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Growth and Parental Preference for Education in China

Chu, Angus C. and Furukawa, Yuichi and Zhu, Dongming (2015): Growth and Parental Preference for Education in China.

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Abstract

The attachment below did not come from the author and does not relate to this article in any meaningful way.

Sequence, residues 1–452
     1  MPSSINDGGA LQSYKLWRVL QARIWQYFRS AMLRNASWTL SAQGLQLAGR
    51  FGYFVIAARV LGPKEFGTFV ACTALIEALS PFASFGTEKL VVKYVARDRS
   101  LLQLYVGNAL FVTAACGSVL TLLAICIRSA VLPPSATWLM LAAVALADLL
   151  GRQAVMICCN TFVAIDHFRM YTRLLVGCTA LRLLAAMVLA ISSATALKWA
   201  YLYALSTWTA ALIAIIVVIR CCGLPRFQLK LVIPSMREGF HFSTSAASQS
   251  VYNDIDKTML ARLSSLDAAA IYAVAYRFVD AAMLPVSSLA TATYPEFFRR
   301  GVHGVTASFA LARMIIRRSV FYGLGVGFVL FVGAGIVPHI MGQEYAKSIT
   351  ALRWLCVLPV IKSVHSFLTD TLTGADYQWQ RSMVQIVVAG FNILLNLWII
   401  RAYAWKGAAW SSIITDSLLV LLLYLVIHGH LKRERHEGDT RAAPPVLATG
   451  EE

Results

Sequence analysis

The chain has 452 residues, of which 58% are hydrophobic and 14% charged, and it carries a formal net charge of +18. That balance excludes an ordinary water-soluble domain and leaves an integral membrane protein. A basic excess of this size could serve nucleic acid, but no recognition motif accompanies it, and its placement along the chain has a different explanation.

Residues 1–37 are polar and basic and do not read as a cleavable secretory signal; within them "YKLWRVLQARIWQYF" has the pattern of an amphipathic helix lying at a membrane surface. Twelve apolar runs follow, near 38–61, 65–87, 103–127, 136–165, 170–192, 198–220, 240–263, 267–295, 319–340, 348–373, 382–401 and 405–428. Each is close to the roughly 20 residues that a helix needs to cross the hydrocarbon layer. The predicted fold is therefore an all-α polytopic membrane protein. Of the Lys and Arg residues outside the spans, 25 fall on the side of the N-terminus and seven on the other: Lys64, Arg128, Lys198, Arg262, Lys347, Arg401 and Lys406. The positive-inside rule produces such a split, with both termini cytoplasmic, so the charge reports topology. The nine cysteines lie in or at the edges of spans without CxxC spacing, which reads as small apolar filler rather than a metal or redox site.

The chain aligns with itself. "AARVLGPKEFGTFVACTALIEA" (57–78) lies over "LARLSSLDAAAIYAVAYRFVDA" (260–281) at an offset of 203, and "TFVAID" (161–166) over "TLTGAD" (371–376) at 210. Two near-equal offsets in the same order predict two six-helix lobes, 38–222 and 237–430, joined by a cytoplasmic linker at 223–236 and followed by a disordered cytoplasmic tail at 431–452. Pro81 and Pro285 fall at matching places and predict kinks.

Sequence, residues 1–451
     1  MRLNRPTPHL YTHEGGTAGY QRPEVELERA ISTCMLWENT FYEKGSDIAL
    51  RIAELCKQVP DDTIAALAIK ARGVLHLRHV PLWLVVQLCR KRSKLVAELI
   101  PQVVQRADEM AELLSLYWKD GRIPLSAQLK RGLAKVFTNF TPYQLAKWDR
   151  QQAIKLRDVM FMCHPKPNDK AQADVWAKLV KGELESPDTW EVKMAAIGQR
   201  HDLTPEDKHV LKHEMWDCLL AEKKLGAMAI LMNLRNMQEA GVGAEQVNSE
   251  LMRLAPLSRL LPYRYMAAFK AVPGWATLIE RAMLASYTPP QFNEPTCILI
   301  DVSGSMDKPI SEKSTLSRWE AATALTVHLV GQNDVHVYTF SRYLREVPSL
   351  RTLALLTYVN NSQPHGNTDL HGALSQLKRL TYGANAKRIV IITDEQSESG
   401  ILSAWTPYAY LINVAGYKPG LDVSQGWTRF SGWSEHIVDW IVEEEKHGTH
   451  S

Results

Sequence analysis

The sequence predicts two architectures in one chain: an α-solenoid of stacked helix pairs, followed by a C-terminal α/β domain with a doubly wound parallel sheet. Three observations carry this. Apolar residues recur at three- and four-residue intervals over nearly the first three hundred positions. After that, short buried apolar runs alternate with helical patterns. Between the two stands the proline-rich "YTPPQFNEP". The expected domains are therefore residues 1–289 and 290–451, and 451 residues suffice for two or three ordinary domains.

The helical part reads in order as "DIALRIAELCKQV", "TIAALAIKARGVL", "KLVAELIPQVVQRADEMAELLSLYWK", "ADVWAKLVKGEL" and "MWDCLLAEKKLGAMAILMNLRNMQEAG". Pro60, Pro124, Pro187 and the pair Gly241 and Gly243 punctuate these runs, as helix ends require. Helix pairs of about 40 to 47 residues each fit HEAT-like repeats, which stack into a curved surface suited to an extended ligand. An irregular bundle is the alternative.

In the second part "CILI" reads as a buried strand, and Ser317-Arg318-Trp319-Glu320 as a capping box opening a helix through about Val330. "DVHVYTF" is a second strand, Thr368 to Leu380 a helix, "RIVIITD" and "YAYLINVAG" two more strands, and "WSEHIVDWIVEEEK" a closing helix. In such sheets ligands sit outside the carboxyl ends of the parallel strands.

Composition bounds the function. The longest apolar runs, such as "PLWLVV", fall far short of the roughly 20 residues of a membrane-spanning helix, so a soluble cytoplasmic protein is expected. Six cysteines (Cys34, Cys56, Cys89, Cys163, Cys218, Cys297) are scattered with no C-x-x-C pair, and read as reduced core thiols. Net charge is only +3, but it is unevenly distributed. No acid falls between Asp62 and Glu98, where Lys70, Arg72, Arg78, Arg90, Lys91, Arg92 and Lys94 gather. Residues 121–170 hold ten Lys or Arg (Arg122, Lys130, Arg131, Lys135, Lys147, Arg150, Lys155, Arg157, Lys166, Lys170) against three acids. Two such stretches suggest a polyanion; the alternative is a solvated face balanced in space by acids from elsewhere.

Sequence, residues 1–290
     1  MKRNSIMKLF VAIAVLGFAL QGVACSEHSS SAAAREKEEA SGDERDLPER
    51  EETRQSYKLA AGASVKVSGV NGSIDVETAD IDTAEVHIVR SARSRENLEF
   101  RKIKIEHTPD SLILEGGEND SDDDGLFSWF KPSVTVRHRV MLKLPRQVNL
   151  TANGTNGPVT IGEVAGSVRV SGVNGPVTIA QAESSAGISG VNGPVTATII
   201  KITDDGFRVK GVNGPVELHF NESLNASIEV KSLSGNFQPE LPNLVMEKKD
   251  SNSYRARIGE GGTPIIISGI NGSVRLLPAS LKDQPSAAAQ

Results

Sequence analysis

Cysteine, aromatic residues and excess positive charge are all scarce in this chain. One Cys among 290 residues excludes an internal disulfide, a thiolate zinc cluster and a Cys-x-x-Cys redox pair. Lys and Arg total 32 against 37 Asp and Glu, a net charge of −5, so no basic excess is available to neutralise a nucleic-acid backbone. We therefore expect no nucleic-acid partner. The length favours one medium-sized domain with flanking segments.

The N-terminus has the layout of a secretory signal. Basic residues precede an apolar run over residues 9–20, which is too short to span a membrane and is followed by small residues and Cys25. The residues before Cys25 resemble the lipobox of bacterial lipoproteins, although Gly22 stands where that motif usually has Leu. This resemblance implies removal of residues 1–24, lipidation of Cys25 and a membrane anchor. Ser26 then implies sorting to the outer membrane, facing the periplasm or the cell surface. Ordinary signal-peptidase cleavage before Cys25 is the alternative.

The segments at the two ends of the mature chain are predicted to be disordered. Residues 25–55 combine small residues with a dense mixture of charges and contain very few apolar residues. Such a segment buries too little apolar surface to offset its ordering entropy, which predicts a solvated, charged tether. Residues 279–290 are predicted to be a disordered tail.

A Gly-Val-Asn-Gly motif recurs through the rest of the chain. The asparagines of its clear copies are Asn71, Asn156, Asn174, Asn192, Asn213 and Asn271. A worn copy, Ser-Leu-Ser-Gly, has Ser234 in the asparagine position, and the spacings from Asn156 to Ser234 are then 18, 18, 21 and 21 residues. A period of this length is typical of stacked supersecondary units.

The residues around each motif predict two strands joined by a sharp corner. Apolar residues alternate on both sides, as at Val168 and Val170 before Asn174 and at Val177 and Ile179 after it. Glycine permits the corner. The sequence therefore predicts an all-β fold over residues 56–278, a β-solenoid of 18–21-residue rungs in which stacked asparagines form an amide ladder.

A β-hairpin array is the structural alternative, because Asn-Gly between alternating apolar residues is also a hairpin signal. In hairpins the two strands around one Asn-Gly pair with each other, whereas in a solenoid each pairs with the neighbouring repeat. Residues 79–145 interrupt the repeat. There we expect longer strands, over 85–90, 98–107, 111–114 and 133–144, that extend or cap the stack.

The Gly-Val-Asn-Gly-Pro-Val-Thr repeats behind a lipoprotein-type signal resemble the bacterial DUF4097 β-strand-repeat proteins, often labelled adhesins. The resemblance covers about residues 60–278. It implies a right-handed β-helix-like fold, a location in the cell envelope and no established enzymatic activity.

This study explores the implications of parental preference for education in an innovation-driven growth model that features an interaction between endogenous technological progress and human capital accumulation. Parents invest in children's education partly due to the preference for their children to be educated. We consider a preference parameter that measures the degree of this parental preference for education. We find that a society such as China in which parents place a high value on education accumulates more human capital, which is conducive to innovation, but the larger education investment also crowds out resources for R&D investment. As a result, a stronger parental preference for education has an inverted-U effect on the steady-state equilibrium growth rate due to the presence of both positive and negative effects. We also analytically derive the complete transitional path of the equilibrium growth rate and find that an increase in the degree of education preference causes an initial negative effect on growth. Furthermore, we explore the robustness of our results in a scale-invariant extension of the model and find that although the crowding-out effect of education preference gradually disappears in the long run, it continues to exert a negative effect on the transitional growth rate. Therefore, a society that has a stronger preference for education would have a lower initial growth rate but also a higher long-run growth rate.

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